I’ve been reading your blog for nearly a year now and I attribute pretty much all of my “success” to you. I have a few things to ask. Firstly, this is my first varsity year (I’m a freshman) but I was in the V4 in the fall due to all the coxswains except for one sophomore graduating last year. Reading this blog definitely let my coxing grow by leaps and bounds. Recently my coach has told me that he’d like for the coxswains to work on positive reinforcement and that being critical of the rowers was more his job. We should keep technical calls to a minimum and only “say things pertinent to boat speed”. I’m a person who uses a *lot* of tech calls. The thing is, we have another coxswain who uses very few tech calls and I know a significant portion of the rowers dislike the way she coxes, some more strongly than others. I have rowed in her boat before and agree with them a lot so I have tried to tailor my coxing to be as different from hers (almost) as possible. She often comes off as patronizing, so I was wondering how I might provide positive reinforcement without sounding patronizing or dumb, especially when some of my rowers really just want me to be critical all the time.
This is a good question. I think your coach makes a valid point in that being critical of the rowers – though I’m not 100% settled on if that’s the right or best word – is more in line with his role than it is ours. We’ve definitely got a part to play in that but it can be tough to know how much, especially if it’s never explicitly laid out.
I’m curious why your coach wants you to keep technical calls to a minimum since those make up like, the bulk our calls. That’s definitely something I would talk to him about and get clarification on so that there’s no confusion or ambiguity on your part about what he’s looking for. Alternatively though, it’s possible you might be hearing the extremes of what he’s saying and not what he’s actually trying to get you to do. My interpretation as a coxswain (and also how I’d try to communicate it as a coach) is that his job is to outright say “you’re doing this incorrectly” and then follow it up with how it should be done. Your job is to reinforce the latter part of that with positive reinforcement by making calls like “Let’s draw in level – elbows up – and hold the finishes here. Yea, that’s it, we’re pushing the puddles back an extra half a seat now…” (vs. “you’re washing out, we need to get more run”).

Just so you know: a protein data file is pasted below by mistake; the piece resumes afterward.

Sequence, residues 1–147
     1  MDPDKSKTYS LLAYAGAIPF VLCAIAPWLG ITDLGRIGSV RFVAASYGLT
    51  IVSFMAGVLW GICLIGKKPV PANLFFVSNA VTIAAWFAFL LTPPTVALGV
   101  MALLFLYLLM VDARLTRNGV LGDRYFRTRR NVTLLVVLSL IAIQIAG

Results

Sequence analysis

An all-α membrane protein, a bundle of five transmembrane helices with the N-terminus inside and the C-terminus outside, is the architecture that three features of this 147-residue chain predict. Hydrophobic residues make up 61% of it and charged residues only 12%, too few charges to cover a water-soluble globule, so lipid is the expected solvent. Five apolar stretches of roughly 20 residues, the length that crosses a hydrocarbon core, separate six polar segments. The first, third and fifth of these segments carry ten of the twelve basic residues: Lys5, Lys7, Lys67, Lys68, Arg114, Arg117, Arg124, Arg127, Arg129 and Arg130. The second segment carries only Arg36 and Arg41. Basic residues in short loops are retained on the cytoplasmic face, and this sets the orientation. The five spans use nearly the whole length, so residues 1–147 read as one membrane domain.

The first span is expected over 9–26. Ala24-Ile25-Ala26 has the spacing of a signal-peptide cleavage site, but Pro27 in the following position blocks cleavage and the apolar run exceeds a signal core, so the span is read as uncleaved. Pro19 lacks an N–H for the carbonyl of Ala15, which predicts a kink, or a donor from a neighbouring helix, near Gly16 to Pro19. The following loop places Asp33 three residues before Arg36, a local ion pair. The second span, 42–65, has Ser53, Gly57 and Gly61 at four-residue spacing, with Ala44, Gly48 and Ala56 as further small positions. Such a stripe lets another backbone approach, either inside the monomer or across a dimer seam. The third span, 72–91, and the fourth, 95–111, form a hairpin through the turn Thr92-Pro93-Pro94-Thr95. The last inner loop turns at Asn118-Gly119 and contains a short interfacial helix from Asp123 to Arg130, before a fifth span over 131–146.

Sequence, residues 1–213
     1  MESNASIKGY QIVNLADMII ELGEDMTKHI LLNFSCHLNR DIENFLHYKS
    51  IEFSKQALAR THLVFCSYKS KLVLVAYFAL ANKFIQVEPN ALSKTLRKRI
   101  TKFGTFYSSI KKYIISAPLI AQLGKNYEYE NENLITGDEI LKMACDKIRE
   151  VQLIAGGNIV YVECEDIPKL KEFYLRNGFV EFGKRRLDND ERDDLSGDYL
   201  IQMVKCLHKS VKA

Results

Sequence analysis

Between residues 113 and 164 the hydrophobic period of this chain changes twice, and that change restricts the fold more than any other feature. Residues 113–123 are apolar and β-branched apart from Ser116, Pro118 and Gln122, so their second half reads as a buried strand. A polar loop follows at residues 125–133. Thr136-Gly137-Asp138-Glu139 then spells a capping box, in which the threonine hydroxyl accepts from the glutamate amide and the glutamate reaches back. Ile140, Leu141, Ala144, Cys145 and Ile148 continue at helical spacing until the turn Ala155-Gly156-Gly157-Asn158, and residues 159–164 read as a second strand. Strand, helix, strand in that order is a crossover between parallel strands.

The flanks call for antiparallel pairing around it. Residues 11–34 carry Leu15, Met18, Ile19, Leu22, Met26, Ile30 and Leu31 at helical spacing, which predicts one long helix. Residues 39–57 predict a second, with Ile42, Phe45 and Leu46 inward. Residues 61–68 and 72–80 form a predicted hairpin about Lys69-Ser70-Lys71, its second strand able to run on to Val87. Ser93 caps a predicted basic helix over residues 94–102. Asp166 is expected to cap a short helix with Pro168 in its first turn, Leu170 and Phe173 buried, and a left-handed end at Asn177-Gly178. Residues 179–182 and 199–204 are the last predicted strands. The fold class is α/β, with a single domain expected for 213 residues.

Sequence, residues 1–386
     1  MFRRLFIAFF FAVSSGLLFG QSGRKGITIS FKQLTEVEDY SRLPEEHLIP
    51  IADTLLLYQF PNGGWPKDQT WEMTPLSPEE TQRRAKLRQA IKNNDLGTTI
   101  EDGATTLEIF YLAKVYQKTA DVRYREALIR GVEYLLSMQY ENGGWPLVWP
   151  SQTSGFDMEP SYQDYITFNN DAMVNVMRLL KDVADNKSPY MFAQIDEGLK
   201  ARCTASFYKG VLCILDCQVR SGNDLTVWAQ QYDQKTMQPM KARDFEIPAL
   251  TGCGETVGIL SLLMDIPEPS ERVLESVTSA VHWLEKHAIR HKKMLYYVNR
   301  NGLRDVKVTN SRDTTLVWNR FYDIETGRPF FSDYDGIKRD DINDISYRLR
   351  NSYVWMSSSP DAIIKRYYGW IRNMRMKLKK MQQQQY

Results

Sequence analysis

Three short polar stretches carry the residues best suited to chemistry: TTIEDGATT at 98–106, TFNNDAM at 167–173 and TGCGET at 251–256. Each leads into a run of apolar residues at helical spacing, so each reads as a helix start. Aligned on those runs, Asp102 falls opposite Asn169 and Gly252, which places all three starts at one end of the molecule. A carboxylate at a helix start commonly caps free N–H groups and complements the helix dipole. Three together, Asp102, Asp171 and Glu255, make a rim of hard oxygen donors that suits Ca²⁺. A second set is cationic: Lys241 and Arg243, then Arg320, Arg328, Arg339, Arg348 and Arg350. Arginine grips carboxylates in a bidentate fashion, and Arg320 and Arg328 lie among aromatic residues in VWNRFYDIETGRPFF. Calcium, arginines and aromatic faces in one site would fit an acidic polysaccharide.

It’s not that you should keep the technical calls to a minimum necessarily, it’s that whatever ones you are making should a) largely be in line with whatever his technical focus is for the day and b) less about telling the rowers what not to do (which can come off as condescending, patronizing, etc.) and more on communicating what they should do and how it’s impacting the boat speed. There is a balance when it comes to your technical calls – if it’s all you make then you’re just gonna get drowned out because it’s a lot to process and not always that engaging – but you can’t really positively reinforce anything if you’re not making the initial calls to correct the issue in the first place.
Don’t overthink what qualifies as “positive reinforcement” either. A simple “yea, that’s it…”, “there it is…”, “Sam, good change from yesterday, catches are looking a lot smoother…” etc. is all you need. You’re only going to come off as dumb if you start sounding like a cheerleader or patronizing if you start saying everything with an air of “I don’t know what’s so hard about doing XYZ, I could do it…”. When it comes to actually taking a stroke, there’s literally no logical reason why any coxswain should feel superior about their ability to do it compared to a rower. I’m not saying we can’t all be good rowers in our own right – I know plenty of coxswains who are – but rowing’s not our thing. We’d get pissed (and most of us do) if rowers acted like that about steering or whatever other coxswain-specific thing so … just something to keep in mind.
Related: Hi! Recently I’ve taken a bigger role on my team as a coxswain and have made some definite improvements with my confidence. But, I’m still struggling with how to handle frustration. When a boat feels really good and my rowers are being super responsive I feel as though I make really good calls, but when my rowers aren’t being as responsive to me or they’re tired, I feel like I never know how to motivate them without sounding mean. The other day a rower told me to work on saying more positive calls instead of negative calls, but I’m having trouble thinking of what would be considered a negative call. What do you think I should do to improve on this?
Check out the post linked above – I think it touches on roughly the same stuff you’re asking here and goes into a lot of detail about positive calls vs. negative calls, which kinda parallels what you’re asking about how to balance positive reinforcement with calling out the rowers when it’s necessary.